We have 4 apple trees. The two oldest are King and Gravenstein. The Kings are great for eating and cooking. They are best picked last perhaps after the first frost.. Gravs. are earlier and don’t keep, but are very tasty. The next oldest is a Jonagold and the last is a newer tree, Bramley’s Seedling, reputed to be the best cooking apple ever and an old variety.
The first year we were here, we had a great harvest of apples. Last summer it was a disappointing yield. We had barely touched them in our pruning as we were hesitant to make mistakes. Not many apples at the farm last year but they had a problem with caterpillars which we didn’t have… It has been suggested we had a pollinator problem.. but I figure it is probably simply explained as something I did wrong….Not enough pruning….???
I decided that mistakes or no I was going to get the trees pruned before the end of February… So this week I jumped upon the back of the pick up truck and gave it a go. The bed of the pick up truck is safer for me than a ladder. I not so much jumped on the pick up truck as sat on the bed and swung my way up. But I got there none the less.
Then I followed the basic tenants of apple tree pruning… cut off the cross overs, the branches pointing down and top the tall leggy ones. Short of learning to fly the only ones benefiting from the tall branches are the crows and I am usually not generous to crows. But I am also not that tall and there are still some branches I couldn’t reach so the crows will still get more than one or two.
My friend brought over a big bag of gardening magazines. It is raining today and I have decided to satisfy my inner gardener pouring over the magazines and dreaming of spring flowers. The great thing about gardening magazines is that the information never gets old. If it was clever to save space in your vegetable garden growing cucumbers up a trellis in 2002 it is still a clever idea in 2014.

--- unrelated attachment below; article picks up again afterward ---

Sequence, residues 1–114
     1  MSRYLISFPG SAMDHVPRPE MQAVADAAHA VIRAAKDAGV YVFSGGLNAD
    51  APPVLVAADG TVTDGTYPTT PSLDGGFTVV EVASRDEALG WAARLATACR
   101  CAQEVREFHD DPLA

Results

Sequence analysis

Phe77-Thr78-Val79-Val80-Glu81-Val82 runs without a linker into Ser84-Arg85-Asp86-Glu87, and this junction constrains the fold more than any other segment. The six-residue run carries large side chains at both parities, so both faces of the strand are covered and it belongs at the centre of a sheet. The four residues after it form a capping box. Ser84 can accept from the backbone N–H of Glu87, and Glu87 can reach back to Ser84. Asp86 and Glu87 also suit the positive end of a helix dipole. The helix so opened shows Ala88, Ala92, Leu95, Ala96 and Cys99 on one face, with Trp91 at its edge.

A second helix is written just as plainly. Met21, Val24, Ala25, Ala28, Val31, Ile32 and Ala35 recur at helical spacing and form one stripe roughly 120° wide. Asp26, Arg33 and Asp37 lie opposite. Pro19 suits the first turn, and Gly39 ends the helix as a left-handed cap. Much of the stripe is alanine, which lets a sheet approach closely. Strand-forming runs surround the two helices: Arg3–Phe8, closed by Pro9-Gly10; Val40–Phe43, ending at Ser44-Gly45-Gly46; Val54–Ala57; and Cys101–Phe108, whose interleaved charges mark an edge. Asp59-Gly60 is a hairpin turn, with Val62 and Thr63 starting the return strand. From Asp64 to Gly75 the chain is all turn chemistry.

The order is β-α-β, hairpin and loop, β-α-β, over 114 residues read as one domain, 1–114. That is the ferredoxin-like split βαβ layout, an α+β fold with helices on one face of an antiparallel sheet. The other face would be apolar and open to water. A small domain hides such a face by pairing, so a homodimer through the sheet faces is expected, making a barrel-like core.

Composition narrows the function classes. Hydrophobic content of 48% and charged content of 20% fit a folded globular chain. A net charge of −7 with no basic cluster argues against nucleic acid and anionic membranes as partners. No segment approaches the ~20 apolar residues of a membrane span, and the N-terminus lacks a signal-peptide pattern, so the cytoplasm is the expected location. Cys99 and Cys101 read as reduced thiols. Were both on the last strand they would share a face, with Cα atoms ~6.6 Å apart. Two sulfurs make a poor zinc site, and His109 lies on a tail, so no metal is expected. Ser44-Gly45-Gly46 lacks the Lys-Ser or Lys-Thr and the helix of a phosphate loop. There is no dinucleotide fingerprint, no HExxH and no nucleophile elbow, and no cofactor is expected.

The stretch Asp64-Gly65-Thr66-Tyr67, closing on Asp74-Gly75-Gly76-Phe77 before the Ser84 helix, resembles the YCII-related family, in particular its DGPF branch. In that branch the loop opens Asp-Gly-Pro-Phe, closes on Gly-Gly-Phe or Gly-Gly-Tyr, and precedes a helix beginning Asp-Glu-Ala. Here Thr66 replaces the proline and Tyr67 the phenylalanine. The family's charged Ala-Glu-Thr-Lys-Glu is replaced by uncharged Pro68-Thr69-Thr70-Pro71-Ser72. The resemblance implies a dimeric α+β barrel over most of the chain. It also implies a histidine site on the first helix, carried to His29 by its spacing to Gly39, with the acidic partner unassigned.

Lots of cool ideas in the magazines. I am setting aside some interesting projects as I read along. Unfortunately for E, this usually means projects are added to his to do list… ie.. a bee house…. they look pretty simple to make and encourage pollinating bees to the fruit trees.
E is working on the kitchen floor and we take breaks to watch Olympic hockey games.
You might wonder how I prune trees with one functioning arm.. I use my left arm to hang the long clipper at the branch and brace the lever against my body…. Then pull down on the lever pressing against an available body part until the branch cuts. I usually accompany the motion with a great loud grunt similar to Serena Williams at a Wimbledon tennis match. I won’t include a picture but trust me when I say that my stomach, thighs, hips and chest are
black and blue